Bioethics Forum Essay
Walk it Off, Crybaby
On a recent installment of This American Life, Ira Glass asks this pressing question. Why are rich and powerful people so often the world’s biggest crybabies? Exhibit A: the whining of Wall Street bankers and brokers, who have worked themselves into a frenzy of self-pity over the cosmically unfair manner in which they are being treated by the Obama administration.
Never mind that these people are making record bonuses and profits. Never mind that the Obama administration bailed out Wall Street with a massive federal spending package last year, rescuing them from having to pay the price for their own arrogance and failure. Never mind that many people in the rest of the country are unemployed and struggling to pay the bills for the bail-out. Not only is Wall Street not grateful for the rescue, it is convinced that it is the victim of an historic injustice.
The mood on Wall Street this summer was captured perfectly by the CEO of the Blackstone Group, one of the wealthiest private equity funds in the country, who compared Obama’s plan to raise taxes on his company to Hitler’s invasion of Poland in 1939. When one banker was asked by This American Life why Wall Street doesn’t seem more grateful for the federal bailout, he seemed offended by the very question. “I mean, survival of the fittest!” he said, explaining that his wealth has nothing to do with aid from the federal government. Why is he rich? “Because I’m smarter than the average person!” he said. “The fact that I benefitted from that is because I’m smart.”
If anyone in America ought to be saying a silent prayer of thanks for the arrogance of Wall Street bankers, it is pharmaceutical industry executives. Finally, someone has taken their place alongside tobacco and oil industry executives as the most vilified businessmen in America. Yet consider the indignant letter posted recently in PLoS Medicine by an attorney for Wyeth Pharmaceuticals. Apparently, Wyeth is upset about an article by Adriane Fugh-Berman titled “The Haunting of Medical Journals: How Ghostwriting Sold ‘HRT’.” Drawing on internal documents made available to her when she testified as an expert witness against Wyeth, Fugh-Berman describes how the company used ghostwritten journal articles to promote Prempro, its hormone replacement therapy.
So what is the crime Wyeth is so worked up about? That Fugh-Berman – who writes in her introduction that she got access to the documents through her work as a paid expert witness in litigation against Wyeth, and also discloses that fact in her competing interests statement – did not specifically state that she is still working as an expert witness. Yes, that’s the crime. Not the breast cancer, not the heart disease, not the strokes or emboli linked to Prempro. The crime is using the incorrect verb tense.
Wyeth, of course, is the company that became notorious in the 1990s for covering up the lethal side-effects of its diet drug, Fen-Phen, which was linked to valvular heart disease and primary pulmonary hypertension. The bill for the Fen-Phen disaster is currently $13 billion and counting. In 2009, Wyeth was acquired by Pfizer, a three-time felon which paid out $2.3 billion last year to settle criminal and civil allegations that it illegally marketed Bextra, Geodon, Zyvox and Lyrica. The Pfizer settlement was the largest health care fraud settlement in U.S. history and the largest criminal fine of any kind. And now that Wyeth is being sued yet again – this time, by 14,000 patients who developed breast cancer while taking Prempro – it has apparently decided to take a lesson from Wall Street. Not only is Wyeth upset about Fugh-Berman’s expert testimony, it is angry that PLoS Medicine joined with The New York Times to force the company to make the ghostwritten documents public.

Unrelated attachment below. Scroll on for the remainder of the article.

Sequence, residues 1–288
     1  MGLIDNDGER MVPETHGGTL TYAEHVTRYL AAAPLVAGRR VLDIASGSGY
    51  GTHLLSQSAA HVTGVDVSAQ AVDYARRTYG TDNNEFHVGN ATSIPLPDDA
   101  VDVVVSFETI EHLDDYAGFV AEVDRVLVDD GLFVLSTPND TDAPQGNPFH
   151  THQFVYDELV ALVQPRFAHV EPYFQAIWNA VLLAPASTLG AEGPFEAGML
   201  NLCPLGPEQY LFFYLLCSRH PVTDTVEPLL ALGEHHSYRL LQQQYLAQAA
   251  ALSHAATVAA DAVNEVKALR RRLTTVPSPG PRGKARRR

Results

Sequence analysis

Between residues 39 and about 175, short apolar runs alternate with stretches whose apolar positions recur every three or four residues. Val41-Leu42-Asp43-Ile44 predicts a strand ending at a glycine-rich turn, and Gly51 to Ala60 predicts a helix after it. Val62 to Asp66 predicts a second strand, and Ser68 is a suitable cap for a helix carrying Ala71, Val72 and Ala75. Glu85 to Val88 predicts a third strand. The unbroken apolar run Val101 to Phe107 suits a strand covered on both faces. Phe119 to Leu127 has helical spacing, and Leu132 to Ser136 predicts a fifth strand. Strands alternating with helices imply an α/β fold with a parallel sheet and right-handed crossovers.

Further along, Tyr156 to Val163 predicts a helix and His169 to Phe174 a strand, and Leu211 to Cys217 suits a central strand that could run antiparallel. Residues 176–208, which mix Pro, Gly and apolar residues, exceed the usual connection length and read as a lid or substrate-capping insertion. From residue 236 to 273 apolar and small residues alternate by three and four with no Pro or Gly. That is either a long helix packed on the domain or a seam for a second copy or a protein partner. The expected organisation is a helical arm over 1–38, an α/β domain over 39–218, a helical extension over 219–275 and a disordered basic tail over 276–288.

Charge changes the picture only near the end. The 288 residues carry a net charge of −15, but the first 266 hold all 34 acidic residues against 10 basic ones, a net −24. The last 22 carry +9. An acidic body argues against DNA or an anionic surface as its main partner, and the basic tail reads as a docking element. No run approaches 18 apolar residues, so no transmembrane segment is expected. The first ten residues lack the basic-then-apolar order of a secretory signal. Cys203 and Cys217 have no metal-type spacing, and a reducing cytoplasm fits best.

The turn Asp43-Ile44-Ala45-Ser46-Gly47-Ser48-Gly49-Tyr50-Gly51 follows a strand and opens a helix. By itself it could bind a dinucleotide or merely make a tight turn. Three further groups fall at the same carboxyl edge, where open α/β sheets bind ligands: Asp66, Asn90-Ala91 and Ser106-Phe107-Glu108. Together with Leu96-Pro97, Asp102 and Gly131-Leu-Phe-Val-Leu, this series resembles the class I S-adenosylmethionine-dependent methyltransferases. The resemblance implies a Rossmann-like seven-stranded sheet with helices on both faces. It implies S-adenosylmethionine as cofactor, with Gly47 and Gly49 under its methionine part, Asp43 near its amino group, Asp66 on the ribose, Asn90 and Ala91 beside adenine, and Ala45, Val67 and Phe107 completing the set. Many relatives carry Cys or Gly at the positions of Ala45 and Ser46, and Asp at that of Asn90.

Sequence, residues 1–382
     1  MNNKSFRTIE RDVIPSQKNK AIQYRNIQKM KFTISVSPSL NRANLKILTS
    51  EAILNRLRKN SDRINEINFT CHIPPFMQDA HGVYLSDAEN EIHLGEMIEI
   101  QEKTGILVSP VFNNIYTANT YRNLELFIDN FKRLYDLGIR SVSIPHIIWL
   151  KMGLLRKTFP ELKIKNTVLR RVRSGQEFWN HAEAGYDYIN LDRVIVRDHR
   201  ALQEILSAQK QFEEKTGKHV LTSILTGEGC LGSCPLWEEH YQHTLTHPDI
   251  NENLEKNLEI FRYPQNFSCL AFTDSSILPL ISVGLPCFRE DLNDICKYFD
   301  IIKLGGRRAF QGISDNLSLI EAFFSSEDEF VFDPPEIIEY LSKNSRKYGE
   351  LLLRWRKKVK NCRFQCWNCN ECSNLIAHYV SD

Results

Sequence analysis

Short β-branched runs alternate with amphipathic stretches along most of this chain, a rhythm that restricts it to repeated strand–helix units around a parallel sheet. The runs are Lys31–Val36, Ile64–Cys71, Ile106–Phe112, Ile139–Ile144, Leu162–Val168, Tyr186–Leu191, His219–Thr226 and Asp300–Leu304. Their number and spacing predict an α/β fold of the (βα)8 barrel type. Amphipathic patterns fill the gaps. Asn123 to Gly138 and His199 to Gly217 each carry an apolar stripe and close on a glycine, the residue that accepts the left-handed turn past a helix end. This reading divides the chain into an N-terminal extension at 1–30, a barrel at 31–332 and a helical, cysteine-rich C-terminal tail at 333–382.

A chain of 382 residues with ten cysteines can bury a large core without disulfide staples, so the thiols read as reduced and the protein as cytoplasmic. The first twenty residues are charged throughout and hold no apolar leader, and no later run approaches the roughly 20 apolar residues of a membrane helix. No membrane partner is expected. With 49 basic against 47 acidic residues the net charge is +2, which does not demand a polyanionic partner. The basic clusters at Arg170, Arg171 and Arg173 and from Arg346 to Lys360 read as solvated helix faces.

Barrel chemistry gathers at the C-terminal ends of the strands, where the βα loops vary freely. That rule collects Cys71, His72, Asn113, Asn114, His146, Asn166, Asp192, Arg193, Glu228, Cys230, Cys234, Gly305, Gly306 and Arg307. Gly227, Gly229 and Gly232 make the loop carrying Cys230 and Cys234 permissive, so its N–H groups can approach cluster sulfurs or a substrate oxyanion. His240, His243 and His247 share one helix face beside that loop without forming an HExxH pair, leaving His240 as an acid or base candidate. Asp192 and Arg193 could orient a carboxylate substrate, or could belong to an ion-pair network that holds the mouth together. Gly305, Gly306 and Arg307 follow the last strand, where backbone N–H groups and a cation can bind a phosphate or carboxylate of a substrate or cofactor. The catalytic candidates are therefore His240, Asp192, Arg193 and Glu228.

It is worth remembering exactly what we owe to people like Fugh-Berman, and to organizations like PLoS Medicine. Most physicians are terrified of the pharmaceutical industry, and most medical journals are financially dependent on it. As a result, the extent of industry wrongdoing was largely hidden from the public for years. That began to change when expert witnesses who had testified against the pharmaceutical industry began to make their findings public.
If not for David Healy’s work as an expert witness against Pfizer, for example, we would never have known that over half of all medical journal articles published on Zoloft during the late 1990s had been produced by a single medical communications agency working for Pfizer. If David Egilman, an expert witness against Eli Lilly, had not leaked internal documents toThe New York Times (for which he was fined $100,000 in a legal dispute) we might have never known about Lilly’s fraudulent marketing of Zyprexa. If not for Seth Landefeld and Michael Steinman at the University of California, San Francisco, who testified against Warner Lambert (now part of Pfizer) in the Neurontin litigation, we would not have the Drug Industry Document Archive.
The same could be said for what we know about the deceptive marketing of Vioxx, Paxil and Seroquel. Of course, expert witnesses are well-paid for their work. But the fact that so few physicians are willing to testify against the industry, despite the payment, suggests the extent to which the pharmaceutical industry is feared.
In a just world, the complaints of Wyeth about its unfair treatment at the hands of a single academic physician would be met with the ridicule that they deserve. Instead, these complaints will probably just frighten physicians even more. And that, I suspect, may be the real purpose of the letter: to intimidate anyone who might be thinking of testifying against them.
Carl Elliott, a professor at the Center for Bioethics at the University of Minnesota, is author of the new book, White Coat, Black Hat: Adventures on the Dark Side of Medicine. He is a Hastings Center Fellow.